Preoccupied with Death and Dying

Robin Botie of ithaca, New York, photoshops a scene depicting her vision of a good death.The biggest ant I ever saw was flat on its back on my kitchen counter. It was waving its little limbs frantically when I went to bed that night too tired to deal with it. In the morning the intrepid ant was still there. When I put on my glasses, I could see it was still pawing at the air, but with somewhat less vigor.

And while I stood over it, wielding my mini-vac—my preferred method of bug removal—I considered how I might instead move the ant to a grassy spot outside. This would not be easy. Small creatures with many more legs than I have always kinda creeped me out. Bug phobia. It goes back over half a century. I’d once made a 24-inch-long paper mache ant for a grade school science project, partly to face my terror.

More recently, partly to face another fear, my terror of death and dying, I attended a workshop where we wrote about how we wanted to die. For a good death, I wrote, I would be lying in lush grass, under the open sky, near a forest with ferns. With friends nearby, I would listen to the sweet sounds of my favorite bugle calls, Tattoo and Taps.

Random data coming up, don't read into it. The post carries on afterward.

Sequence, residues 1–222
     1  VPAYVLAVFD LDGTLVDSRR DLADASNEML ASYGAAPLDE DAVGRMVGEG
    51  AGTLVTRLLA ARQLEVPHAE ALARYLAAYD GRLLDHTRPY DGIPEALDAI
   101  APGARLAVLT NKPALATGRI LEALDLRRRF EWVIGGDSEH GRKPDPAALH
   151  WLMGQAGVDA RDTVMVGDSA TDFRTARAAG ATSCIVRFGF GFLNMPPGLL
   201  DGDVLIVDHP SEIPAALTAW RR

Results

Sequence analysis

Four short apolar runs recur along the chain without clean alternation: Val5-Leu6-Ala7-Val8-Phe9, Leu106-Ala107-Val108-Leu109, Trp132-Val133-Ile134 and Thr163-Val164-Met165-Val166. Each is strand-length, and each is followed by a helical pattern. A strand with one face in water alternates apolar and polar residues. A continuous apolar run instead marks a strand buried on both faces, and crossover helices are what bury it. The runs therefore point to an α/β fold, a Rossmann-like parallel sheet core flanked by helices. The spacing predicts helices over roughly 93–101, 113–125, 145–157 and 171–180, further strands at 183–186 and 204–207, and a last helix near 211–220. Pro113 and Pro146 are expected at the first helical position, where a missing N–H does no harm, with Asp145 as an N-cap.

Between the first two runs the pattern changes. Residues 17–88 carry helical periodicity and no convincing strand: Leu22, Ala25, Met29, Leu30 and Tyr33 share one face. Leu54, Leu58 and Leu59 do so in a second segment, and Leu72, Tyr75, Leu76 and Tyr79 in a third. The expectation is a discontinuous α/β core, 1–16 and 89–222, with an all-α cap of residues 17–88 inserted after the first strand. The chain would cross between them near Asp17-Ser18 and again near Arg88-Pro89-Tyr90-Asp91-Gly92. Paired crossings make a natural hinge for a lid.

“You’re pretty preoccupied with death these days,” a friend accused. Yes, I agreed. Because, maybe if I made a project of it, I could lose my terror.

But back to that morning, with the ant. It was writhing in slow motion, making me queasy about facing breakfast—and suddenly it stopped moving.

I stared at the lifeless insect. All I wanted was to suck the critter up into the depths of the dust-buster, to get rid of it. But I couldn’t do that after spending months preparing to sit vigil and help the dying. Hoping there was still time for the bug’s last moments, I used a teaspoon to sweep it into an empty yogurt container. And holding it at arm’s length, I ran outside and gently shook the poor creature out onto the grass.

The ant slid out, landing on its feet. It took off creeping. For a moment I watched it climb shakily from blade to blade of dewy grass. I watched as butterflies and dragonflies flew by. Until it hit me—I’d saved a life. Because of my preoccupation with death. Maybe then I felt just the tiniest bit better about bugs and death in general.